The systems that evolved for classifying these periods or ages of the dharma are generally as follows:
Golden Age or Age of True Dharma(500-1,000 years): Practitioners are of a high capacity and the teachings are transmitted intact, so that many achieve the goal of liberation. During this period the teaching is vigorous, people are capable of comprehending it AND putting it into practice and many attain enlightenment under their own power.
Age of Counterfeit or Semblance Dharma; zobo in Japanese (500-1,000 years): Practitioners have lower capacities, shorter life-spans, and the teachings are transmitted imperfectly so that only a semblance of the true dharma remains, with attainment of the goal being rare. Only a few people of great intelligence are able to grasp the doctrine correctly and obtain enlightenment.
Dharma-Ending Age or Age of the Final Dharma, mo-fa in Chinese or mappo in Japanese (500-1,000 years): Practitioners are of a low capacity, the dharma cannot be transmitted correctly, and the world is beset by so many problems that is not possible to practice. It was in response to the perception that we had entered this period that the new modes of practice arose such as the Pure Land Sect that relies on the power of an already-enlightened Buddha or the Nichiren Sect which relies on chanting the Lotus Sutra.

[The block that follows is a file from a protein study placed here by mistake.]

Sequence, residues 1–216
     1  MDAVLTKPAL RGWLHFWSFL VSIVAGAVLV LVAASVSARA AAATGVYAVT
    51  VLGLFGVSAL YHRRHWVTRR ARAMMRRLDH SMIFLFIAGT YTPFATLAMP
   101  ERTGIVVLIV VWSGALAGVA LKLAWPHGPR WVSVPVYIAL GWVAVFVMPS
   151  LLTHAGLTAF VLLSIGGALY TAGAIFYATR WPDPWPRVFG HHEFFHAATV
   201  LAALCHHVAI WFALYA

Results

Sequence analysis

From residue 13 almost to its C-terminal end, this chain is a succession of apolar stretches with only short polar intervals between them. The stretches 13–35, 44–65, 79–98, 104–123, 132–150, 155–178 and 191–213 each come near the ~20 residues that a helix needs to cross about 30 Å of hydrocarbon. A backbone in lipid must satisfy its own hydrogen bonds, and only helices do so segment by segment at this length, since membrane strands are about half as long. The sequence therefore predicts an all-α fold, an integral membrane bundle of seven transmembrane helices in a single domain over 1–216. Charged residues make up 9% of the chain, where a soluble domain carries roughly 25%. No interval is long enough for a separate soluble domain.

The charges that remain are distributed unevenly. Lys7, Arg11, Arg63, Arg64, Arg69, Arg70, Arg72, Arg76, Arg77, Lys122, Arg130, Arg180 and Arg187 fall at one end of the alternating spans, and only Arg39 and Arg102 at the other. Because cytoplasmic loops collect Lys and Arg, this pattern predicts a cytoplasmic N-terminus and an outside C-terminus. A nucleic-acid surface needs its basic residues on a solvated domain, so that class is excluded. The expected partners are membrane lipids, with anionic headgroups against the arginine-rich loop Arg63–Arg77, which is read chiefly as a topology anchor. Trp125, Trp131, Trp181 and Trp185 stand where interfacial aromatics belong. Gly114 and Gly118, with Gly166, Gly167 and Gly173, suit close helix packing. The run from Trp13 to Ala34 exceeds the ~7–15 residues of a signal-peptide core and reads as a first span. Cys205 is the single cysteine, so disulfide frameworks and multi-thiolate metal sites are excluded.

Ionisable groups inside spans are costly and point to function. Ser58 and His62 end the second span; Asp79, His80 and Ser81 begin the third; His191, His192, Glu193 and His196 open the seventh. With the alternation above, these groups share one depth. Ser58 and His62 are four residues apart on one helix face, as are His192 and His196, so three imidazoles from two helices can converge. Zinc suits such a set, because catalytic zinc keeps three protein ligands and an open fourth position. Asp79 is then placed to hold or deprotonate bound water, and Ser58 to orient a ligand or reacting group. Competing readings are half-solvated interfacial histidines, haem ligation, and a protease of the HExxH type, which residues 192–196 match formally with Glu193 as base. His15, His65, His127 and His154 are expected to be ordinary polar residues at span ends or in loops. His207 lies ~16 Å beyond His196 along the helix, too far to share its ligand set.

It is also stated that the method for accounting for these periods are different in the sutras and in the tantras. The Kalachakra tantra, for example, has the end of the vajryana coming in 4224 C.E. and the mahayana in 4120 C.E.
By any of the methods of accounting and by just observing the world around us, it can be seen that we have entered the “Dharma-Ending Age.” However, the Buddha, having foreseen this dark age, provided for teachings that were appropriate for the different ages and predicted that great Holy Ones would incarnate at appropriate times and places to revitalize and teach the dharma that was appropriate for that period of time and place. It is because of these conditions that His Holiness Dorje Chang Buddha III came to this world to demonstrate that the true Buddha-dharma does still exist and to offer us a “Quick Path” to liberation. When talking about H.H. Dorje Chang Buddha III, Penor Rinpoche, the third leader of the Nyingma Sect, told Zhaxi Zhuoma Rinpoche that “because this is the Dharma-Ending Age, it is good that such a high being has incarnated.”